(ERGO) – Local authorities in Bari region in Puntland are running a scholarship programme for children from displaced families to equip them for alternative livelihoods instead of relying only on livestock like their parents.
With an annual fund of $24,000, the education programme is targeting children from livestock herders who were uprooted from their homes due to drought between 2016 and 2017.
Ahmed Salad Noor, the director of social affairs of Waiye district, told Radio Ergo that the local authorities support the education of 50 children drawn from families displaced by the 2016 drought.
According to the director, the administration in coordination with the learning institutions based in the town divides the children into age groups to ensure they meet their educational needs effectively.
Those between 13 and 16 were enrolled at Darul-Madina and Darul-Towfiq, which operate as adult schools, whereas those between seven and 12years now study at Al-Hamdulilah Primary and Secondary School.
The project has been covering the fees of these children since 2016.
Ardo Farah Ali, 40, fled her home in a remote area in 2016 after 150 of her goats perished in the drought.
She currently livesinWaiye town. Six of her eight children receive the local authority bursaries.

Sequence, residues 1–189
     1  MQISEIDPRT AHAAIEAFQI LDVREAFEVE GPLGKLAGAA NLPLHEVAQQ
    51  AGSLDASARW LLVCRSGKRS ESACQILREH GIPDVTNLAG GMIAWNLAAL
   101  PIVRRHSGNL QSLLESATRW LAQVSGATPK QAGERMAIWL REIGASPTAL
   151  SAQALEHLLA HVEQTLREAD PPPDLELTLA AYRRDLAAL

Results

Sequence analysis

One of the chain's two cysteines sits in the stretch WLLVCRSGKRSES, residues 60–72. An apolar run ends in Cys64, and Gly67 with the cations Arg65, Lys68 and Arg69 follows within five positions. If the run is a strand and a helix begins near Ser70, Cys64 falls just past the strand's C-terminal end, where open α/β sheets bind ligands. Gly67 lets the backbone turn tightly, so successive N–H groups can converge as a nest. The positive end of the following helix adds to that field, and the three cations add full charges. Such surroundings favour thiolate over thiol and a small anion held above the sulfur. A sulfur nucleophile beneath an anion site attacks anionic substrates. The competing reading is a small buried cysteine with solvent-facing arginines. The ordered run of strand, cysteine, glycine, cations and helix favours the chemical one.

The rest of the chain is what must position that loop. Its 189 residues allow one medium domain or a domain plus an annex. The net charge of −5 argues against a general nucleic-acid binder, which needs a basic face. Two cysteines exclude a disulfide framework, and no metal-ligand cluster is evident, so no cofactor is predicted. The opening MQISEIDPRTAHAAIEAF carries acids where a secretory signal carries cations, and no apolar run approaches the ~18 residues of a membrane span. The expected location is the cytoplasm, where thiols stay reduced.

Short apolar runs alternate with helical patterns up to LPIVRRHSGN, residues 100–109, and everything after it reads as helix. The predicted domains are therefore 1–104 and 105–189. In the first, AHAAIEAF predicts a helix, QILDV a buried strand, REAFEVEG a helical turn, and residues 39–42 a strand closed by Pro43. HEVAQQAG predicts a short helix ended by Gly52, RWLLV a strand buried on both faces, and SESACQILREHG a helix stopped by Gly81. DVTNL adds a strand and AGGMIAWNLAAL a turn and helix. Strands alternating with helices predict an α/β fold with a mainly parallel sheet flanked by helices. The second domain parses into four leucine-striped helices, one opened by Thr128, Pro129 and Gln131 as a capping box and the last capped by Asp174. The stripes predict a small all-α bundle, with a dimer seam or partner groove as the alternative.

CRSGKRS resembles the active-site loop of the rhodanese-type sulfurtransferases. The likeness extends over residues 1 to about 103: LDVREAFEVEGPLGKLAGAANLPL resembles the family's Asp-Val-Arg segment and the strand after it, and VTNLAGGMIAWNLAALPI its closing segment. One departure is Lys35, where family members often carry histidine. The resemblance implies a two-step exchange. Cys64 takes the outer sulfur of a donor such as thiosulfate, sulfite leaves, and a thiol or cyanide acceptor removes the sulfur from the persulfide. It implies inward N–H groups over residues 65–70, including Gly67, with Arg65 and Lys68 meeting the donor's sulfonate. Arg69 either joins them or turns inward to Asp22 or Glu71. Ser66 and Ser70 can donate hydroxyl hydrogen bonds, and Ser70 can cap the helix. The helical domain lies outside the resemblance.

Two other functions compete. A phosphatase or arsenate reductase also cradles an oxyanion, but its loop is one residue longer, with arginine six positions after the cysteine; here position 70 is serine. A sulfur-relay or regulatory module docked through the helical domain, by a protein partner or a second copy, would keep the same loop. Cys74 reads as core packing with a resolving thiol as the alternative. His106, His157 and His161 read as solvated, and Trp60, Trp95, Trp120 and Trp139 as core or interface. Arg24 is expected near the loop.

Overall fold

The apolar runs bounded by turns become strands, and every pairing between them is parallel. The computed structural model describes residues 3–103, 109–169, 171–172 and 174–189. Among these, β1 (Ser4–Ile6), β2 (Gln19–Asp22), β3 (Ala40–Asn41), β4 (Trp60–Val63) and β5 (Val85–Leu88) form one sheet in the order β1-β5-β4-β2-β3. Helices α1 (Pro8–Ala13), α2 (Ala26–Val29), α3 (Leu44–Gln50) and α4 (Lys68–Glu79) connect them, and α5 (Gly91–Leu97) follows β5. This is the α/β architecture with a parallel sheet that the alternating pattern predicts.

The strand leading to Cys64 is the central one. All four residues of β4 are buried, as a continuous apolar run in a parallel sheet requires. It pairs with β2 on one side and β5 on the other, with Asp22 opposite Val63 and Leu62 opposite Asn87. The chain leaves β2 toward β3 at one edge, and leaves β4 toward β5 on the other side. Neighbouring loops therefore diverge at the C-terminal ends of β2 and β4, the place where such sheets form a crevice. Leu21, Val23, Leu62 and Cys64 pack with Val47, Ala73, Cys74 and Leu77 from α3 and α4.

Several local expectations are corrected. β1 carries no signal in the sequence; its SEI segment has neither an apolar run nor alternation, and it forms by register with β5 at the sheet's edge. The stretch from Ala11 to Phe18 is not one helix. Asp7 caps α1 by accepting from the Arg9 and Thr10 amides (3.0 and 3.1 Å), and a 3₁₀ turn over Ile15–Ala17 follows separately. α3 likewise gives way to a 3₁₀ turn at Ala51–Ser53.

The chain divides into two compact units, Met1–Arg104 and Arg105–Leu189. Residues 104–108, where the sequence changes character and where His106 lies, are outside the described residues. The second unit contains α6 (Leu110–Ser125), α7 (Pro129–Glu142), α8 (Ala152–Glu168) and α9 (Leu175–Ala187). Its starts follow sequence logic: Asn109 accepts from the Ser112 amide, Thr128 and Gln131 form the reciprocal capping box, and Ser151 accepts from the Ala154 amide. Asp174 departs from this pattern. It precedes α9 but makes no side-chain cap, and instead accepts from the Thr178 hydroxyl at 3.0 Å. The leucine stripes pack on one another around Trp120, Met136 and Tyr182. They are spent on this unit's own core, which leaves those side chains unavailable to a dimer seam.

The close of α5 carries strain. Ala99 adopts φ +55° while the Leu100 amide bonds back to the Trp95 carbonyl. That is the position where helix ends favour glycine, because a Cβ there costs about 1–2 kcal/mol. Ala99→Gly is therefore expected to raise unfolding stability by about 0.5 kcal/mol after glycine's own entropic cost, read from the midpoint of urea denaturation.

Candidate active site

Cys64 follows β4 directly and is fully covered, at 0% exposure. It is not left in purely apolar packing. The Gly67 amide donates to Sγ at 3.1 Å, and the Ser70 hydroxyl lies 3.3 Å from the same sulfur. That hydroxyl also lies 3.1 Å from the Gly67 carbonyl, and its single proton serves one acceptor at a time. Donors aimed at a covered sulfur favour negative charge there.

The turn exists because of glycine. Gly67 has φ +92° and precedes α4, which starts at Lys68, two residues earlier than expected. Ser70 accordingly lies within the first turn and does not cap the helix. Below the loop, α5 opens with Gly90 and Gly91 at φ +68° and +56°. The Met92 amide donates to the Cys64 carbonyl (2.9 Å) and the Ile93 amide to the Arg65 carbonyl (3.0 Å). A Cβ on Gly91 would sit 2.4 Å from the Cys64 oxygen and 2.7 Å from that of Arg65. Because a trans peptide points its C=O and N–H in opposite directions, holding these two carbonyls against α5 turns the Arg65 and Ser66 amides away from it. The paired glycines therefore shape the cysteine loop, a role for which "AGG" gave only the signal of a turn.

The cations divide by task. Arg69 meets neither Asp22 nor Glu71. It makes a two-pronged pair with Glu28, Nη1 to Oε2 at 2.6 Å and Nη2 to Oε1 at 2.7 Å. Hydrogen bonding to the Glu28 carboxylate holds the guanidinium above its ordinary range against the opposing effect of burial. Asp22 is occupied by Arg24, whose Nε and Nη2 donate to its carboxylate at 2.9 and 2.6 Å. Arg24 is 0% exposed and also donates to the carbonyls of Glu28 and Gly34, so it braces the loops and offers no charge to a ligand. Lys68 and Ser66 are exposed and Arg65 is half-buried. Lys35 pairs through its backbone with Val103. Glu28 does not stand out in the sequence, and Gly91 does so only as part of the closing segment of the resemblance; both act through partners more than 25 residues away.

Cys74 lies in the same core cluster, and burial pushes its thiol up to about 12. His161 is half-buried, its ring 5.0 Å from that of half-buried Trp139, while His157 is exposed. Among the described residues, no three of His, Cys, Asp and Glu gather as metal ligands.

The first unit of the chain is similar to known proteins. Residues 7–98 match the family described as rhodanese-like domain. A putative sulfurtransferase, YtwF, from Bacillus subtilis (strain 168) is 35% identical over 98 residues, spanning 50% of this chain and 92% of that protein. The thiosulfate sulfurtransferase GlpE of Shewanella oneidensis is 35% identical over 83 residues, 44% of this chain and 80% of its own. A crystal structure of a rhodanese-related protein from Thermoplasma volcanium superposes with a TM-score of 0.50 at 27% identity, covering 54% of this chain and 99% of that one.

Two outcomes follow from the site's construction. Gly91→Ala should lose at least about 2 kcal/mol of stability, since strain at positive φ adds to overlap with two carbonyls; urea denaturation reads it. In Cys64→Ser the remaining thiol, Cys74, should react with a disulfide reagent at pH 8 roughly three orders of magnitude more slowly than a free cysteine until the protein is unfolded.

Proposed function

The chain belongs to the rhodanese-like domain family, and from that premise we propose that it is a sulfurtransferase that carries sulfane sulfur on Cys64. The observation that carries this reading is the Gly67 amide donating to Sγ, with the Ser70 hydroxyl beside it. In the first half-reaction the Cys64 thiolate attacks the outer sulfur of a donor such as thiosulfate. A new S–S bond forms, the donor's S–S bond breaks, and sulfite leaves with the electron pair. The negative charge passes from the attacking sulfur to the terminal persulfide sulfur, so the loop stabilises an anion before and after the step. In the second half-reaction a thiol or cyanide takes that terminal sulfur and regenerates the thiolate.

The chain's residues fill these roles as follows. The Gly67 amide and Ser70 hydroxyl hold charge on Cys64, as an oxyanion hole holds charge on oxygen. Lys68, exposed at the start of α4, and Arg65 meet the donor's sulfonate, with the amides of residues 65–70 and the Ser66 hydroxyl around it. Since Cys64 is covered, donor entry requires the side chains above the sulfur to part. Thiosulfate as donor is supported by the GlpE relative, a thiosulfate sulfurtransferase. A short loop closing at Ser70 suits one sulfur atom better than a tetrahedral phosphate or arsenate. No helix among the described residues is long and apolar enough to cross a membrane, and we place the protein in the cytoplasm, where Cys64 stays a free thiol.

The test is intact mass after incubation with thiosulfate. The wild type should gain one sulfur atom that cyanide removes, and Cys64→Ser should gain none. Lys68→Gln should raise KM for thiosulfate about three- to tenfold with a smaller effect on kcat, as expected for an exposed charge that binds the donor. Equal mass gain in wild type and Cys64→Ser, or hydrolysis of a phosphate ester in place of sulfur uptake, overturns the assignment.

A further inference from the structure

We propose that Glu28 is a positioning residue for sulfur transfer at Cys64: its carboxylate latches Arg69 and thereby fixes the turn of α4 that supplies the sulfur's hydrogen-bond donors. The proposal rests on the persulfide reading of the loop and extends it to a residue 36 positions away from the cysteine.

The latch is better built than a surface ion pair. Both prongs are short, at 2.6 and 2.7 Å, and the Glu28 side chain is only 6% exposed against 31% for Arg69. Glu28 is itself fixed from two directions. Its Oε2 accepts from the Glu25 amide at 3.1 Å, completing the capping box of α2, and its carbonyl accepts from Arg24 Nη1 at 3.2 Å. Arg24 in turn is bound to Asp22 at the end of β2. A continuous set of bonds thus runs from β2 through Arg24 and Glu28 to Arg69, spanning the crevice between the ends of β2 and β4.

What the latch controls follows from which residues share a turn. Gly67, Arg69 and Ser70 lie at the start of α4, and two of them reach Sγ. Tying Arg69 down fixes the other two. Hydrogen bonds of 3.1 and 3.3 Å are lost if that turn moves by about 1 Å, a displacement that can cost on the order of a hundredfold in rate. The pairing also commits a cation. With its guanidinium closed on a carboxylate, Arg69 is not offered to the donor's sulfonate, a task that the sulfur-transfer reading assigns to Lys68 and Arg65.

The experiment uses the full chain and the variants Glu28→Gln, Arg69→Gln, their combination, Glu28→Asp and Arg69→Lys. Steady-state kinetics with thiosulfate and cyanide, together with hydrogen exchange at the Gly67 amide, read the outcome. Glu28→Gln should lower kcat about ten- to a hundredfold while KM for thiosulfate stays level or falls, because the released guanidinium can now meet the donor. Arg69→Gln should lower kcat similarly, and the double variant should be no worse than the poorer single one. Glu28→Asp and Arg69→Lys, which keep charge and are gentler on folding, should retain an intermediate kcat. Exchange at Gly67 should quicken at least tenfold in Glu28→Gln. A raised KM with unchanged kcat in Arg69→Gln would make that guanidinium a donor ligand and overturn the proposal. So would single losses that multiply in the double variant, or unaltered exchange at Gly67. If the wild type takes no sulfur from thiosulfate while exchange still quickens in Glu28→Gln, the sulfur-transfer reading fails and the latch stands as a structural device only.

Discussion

Speaking to Radio Ergo, Ardo said one of her problems has been resolved, as she only struggles to support the education of her remaining two children.
“Six of my children, three girls, and three boys are being sponsored by Waiye administration schooling scheme. Five of them were admitted at Al-Hamdulilah while the sixth one has joined an adult school,” said the mother of eight. “Our focus now is diverted from livestock and we want to adapt to life in the town.”
Ardo works as a vegetable vendor and her husband works at a quarry. They struggle to educate their other two children.
Shukri Abdi Hirad, who lost all her livestock to the drought, came to Waiye fromNobir village, a remote area in Bari region in 2016.
The authorities took the responsibility of educating three of her five children, two girls, and a boy.
“I lost all my livestock, which was my lifeline, to the drought. I had no other alternative but to move to the town. Now, three of my children who are being sponsored go to school. We are living in a house belonging to my grandmother,” Shukrisaid.
Her husband, who works at a quarry on the outskirts of the town, supports the family with the help of a little food provided by aid agencies.